Against Cosmic Melancholia

COMMENTARY: The intelligence and imagination that created Voyager 1, and that has kept us in contact with our ‘most distant emissary,’ testify to the spiritual nature of human beings.

(L-R) Voyager 1 lifted off atop a Titan IIIE. Poster for Voyager 1 from 1977.
(L-R) Voyager 1 lifted off atop a Titan IIIE. Poster for Voyager 1 from 1977. (photo: NASA / Public Domain )

On Sept. 5, 1977, “Voyager 1,” built by NASA’s Jet Propulsion Laboratory, was launched from Cape Canaveral atop a Titan IIIE rocket. It’s still going, almost 47 years later and some 15 billion miles away: humanity’s “most distant emissary,” as a British writer recently put it, continuing its mission “to boldly go” where no human artifact has gone before (to vary the most famous split infinitive in television history).

Voyager 1 has more than repaid American taxpayers the $433 million dollars it cost to build it. Its fly-bys of Jupiter, Saturn, and their moons yielded breathtaking photos that lift the spirit by illustrating the magnificence of Creation.

As it hurtled through the outer solar system and into interstellar space, Voyager 1 enlarged our understanding of that Creation by sending back a mass of scientific data that astronomers and astrophysicists may continue to receive for another decade or so, and will study long after that.

Even after Earth-bound scientists lose contact with it, however, Voyager 1 will continue to carry humanity out into the universe, as its design includes an audio-visual disk containing Mozart, Bach and Beethoven, the sounds of babies crying, messages recorded in 55 languages, and much else. (That gold-plated disk also includes the silhouette of a naked man and woman, reduced from the more explicitly detailed depiction carried by the Pioneer 10 spacecraft because of politicians’ complaints about “smut in space.” Comforting, isn’t it, to know that congressional imbecility is not a phenomenon unique to our moment?)

David Whitehouse, writing about Voyager 1 in the London-based Spectator, was awestruck by the “isolation” of this remarkable interstellar probe, which he suggested was “impossible for us truly to comprehend. Light — the fastest possible traveler — takes just over a second to reach the moon and about four hours to pass the most distant planet, Neptune. Yet to reach Voyager it takes more than twenty-two hours.” Mr. Whitehouse’s awe, alas, was mixed — one might even say, tinged — with a melancholy bordering on despair:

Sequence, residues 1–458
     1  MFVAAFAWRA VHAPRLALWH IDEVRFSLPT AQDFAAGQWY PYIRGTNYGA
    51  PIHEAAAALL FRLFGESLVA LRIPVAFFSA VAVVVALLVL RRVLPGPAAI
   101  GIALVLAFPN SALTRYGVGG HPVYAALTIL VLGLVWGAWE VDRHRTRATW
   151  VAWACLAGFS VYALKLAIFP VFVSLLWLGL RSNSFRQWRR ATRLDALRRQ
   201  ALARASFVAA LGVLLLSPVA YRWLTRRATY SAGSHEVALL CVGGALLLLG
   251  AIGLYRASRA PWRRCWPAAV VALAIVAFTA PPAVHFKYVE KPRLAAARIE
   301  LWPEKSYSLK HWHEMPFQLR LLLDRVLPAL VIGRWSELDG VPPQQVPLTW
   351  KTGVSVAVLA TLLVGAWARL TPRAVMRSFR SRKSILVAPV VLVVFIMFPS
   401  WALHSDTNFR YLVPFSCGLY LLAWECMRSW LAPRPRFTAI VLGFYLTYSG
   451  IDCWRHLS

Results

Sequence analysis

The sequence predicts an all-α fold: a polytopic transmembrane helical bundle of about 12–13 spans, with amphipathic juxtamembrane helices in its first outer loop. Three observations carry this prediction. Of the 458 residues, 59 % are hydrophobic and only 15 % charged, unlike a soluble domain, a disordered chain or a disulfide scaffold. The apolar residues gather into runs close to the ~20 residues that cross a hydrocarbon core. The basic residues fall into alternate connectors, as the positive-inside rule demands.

“It’s strange to think that it will be exploring on out into deep space long after its makers — humans — have become extinct. … Long after the pyramids have crumbled into sand and the Earth has become uninhabitable, [Voyager] will just be starting its odyssey. It will move through different constellations and spend its life far from the warmth of stars, but who knows what alien skies it might traverse during some distant eon and what alien eyes will look upon its golden disc and wonder about us. If so, Voyager 1 could be one of our last marks on the cosmos and the measure mankind is judged by.”

Judged by whom? Or what? And by what standards?

Whether or not life-forms “out there” will ever meet Voyager 1, I suggest that the very fact of this marvel of human creativity confounds despair: the despair that imagines the universe as an inexplicable accident, and that thinks of humanity as the random by-product of random, if fortuitous, cosmic biochemical processes.

The intelligence and imagination that created Voyager 1, and that has kept us in contact with our “most distant emissary,” testify to the spiritual nature of human beings: creatures possessed of a reason that insistently probes the truth of things and a will to explore what has been discovered. No merely material compound of atoms and cells could have imagined, built, and operated Voyager 1.

I confess that I have never been able to read the novels of William Faulkner. But I have read, more than once, his magnificent address on accepting the 1949 Nobel Prize for Literature. Its peroration seems to me a fitting answer to the cosmic melancholy of David Whitehouse and those who, thinking about Voyager 1, are similarly doleful:

“I decline to accept the end of man. It is easy enough to say that man is immortal simply because he will endure: that when the last dingdong of doom has clanged and faded from the last worthless rock hanging tideless in the last red and dying evening, that then there will still be one more sound: that of his puny, inexhaustible voice, still talking. I refuse to accept this. I believe that man will not merely endure, he will prevail. He is immortal, not because he alone among creatures has an inexhaustible voice, but because he has a soul, a spirit capable of compassion and sacrifice and endurance.”

An immortal soul, the Christian would add, that images the Creator, whose handiwork is not doomed to the cold death of entropy, but rather destined for the New Jerusalem (Revelation 21:10-26).